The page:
Even if tourism companies are struggling to resume operations paused by Covid — let alone approach pre-pandemic levels — they must devise new ways to reach audiences interested in their products, even those tourists in their backyards. Especially if they've been popular, like many refugee-led tours have been.
Tours led by refugees were, prior to the pandemic, emerging as a popular way for tourists in certain cities to experience those destinations. Although most commonly associated with Berlin, refugees have also given tours in cities like Vienna, Philadelphia, and Amsterdam.
But like most inbound tour operators, organizations that run refugee-led tours have been battered heavily by Covid — especially since the groups the guides lead tend to be small and heavily dependent on overseas guests who were largely unable to travel during the pandemic. However, some companies have put plans into place to take advantage of what they view as the still enormous interest in such tours.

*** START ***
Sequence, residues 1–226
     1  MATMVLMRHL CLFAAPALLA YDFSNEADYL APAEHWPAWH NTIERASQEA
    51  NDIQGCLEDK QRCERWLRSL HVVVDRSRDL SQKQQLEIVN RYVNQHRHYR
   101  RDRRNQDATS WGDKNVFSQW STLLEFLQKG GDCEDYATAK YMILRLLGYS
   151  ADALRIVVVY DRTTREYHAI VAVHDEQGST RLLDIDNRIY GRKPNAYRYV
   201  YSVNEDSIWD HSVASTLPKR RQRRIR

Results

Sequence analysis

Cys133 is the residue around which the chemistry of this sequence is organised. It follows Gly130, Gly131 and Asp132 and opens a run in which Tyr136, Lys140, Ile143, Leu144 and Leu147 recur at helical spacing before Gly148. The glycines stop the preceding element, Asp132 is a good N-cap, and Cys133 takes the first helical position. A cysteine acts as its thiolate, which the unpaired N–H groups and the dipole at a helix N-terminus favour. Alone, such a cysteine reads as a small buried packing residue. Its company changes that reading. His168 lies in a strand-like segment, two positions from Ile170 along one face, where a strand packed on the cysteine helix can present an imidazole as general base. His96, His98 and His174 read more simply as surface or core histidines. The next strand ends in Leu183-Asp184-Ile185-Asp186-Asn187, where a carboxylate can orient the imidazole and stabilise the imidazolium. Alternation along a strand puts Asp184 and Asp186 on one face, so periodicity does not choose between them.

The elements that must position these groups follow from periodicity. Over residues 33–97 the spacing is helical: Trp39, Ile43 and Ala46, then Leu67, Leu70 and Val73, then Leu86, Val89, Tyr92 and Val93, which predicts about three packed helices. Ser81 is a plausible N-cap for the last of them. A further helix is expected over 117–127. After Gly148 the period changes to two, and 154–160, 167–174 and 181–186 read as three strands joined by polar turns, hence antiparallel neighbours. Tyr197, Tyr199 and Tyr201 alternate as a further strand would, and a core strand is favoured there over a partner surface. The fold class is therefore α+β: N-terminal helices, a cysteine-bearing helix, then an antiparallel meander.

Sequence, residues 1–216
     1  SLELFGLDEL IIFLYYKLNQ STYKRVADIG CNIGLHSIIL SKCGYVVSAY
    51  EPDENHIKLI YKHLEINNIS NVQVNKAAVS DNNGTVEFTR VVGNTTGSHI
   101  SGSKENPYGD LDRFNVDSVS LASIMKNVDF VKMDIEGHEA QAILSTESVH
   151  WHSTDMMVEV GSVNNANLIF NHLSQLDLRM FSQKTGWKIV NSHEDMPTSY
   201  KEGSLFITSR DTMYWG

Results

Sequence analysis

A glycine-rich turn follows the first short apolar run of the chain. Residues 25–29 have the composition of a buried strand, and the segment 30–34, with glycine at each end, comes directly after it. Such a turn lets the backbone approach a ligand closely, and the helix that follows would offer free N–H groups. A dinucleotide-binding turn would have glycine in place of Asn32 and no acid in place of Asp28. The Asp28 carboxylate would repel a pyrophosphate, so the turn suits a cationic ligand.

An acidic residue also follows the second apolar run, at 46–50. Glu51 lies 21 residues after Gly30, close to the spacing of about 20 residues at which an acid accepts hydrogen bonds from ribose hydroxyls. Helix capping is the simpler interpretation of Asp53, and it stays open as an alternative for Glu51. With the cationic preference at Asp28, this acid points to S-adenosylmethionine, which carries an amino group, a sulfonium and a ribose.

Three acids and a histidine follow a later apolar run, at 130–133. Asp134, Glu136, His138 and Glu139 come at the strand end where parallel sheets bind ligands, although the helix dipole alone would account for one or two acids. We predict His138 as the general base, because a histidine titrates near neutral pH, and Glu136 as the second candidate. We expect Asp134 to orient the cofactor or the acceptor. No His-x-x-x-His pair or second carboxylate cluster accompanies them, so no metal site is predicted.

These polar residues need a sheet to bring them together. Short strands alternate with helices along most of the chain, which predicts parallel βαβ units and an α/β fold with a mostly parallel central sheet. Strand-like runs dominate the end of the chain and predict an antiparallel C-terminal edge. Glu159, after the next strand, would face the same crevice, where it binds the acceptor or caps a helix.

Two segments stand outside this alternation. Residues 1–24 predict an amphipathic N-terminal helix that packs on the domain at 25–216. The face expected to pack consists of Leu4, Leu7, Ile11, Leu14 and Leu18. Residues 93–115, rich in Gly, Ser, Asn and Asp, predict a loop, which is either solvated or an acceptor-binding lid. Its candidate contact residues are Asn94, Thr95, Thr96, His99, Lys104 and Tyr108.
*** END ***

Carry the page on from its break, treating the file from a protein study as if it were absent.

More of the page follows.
Why have people been interested in going on tours led by a refugee? When asked that question, Mohamad Othman, a tour designer and guide at Berlin-based Refugee Voices Tours, said they were a trendy topic at the time of the group being formed in 2016. He also credited the desire of many travelers to learn about different perspectives for the title of the organization’s main tour — Why We Are Here. A native of Syria, Othman said the tours he gives are focused on his birth country, adding he talks about the links between the Asian nation and historical events happening in Berlin, a city transformed by a large number of Syrian refugees.
“In our case, it’s more about the uniqueness of it,” he said about why some travelers may be attracted to its offerings, which have taken guests to locations such as Checkpoint Charlie and the Topography of Terror. “We’re still walking around Berlin, talking about Berlin, but connecting to a different history and a different city somewhere else in the world.”